Finite Element Modeling of the Fluid Flow within Small Water Droplets in Contact with Rough Surfaces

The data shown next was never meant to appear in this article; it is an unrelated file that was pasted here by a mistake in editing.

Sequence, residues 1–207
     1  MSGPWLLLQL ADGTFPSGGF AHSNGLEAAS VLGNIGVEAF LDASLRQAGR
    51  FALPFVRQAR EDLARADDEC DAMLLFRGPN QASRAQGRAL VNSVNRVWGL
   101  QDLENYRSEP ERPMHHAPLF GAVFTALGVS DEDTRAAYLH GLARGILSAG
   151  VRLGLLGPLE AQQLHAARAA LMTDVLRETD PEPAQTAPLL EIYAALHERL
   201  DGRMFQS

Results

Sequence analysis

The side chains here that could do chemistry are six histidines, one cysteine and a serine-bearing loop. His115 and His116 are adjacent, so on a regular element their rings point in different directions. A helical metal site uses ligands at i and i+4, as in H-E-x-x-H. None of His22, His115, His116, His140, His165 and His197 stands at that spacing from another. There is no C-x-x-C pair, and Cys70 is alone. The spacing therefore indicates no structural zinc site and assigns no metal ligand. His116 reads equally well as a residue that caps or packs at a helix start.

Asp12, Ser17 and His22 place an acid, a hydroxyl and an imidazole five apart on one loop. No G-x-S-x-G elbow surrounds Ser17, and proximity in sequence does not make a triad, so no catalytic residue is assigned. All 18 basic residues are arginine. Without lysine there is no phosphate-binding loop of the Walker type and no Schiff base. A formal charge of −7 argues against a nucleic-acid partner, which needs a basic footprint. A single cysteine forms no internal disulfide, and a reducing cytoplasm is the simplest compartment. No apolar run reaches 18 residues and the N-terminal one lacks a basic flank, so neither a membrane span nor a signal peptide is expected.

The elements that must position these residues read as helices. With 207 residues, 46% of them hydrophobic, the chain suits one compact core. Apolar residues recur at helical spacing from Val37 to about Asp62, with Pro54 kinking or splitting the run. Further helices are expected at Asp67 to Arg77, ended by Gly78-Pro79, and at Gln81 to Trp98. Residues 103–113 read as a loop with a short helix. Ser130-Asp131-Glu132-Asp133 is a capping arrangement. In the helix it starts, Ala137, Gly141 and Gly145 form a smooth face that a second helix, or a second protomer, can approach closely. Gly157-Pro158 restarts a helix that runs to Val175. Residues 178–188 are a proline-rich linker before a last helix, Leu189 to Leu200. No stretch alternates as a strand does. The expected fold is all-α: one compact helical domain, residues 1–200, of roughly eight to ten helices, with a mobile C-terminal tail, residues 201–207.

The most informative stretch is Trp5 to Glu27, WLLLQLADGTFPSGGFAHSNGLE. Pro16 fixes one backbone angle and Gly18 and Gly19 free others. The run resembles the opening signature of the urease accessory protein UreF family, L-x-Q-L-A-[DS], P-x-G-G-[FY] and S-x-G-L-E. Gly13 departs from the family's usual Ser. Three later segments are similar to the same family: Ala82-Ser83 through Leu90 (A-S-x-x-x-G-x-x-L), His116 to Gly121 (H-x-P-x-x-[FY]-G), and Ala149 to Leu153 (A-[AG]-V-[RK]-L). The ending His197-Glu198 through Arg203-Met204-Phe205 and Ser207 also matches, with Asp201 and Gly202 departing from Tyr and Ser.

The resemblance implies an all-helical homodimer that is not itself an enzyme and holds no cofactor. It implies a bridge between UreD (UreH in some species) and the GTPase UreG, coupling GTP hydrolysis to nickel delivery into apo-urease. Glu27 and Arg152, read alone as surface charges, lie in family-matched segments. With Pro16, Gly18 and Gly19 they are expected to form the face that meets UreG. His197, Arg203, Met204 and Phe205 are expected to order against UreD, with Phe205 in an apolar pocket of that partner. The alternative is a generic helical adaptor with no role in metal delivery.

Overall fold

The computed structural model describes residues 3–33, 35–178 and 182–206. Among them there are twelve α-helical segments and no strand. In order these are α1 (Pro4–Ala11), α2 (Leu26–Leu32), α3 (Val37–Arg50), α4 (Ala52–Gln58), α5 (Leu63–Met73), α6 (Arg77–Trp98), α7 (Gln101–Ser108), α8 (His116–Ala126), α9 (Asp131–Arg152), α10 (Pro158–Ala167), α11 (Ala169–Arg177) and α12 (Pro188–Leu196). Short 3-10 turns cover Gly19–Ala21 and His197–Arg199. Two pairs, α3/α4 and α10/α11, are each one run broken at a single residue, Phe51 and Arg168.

Hydrophobic surfaces are water repellent surfaces. Water droplets, falling on such surfaces are repelled by the surface to form nearly spherical droplets, which for even minute surface inclinations, easily rolls off, sweeping away pollutant particles in the process and thus producing a cleaning effect. Such surfaces commonly exist in nature (e.g. lotus leaves) and can also be artificially constructed by generating specific surface topology. However, effective imitation of the phenomenon as occurring in nature demands a comprehensive understanding of the process based on a broad-based analysis. The project aims to develop this understanding using computational modeling and analysis tools. Three major objectives are pursued. Firstly, a finite element based fluid flow model is developed and implemented for internal flow behavior inside the droplet. In the second phase, the flow model is coupled with a contact formulation thus describing a model for a deformable droplet rolling on a rough surface. Finally, the resulting model is applied to the analysis of self-cleaning mechanism by performing a multiphase analysis comprising of three media i.e. water, surface and pollutant particle.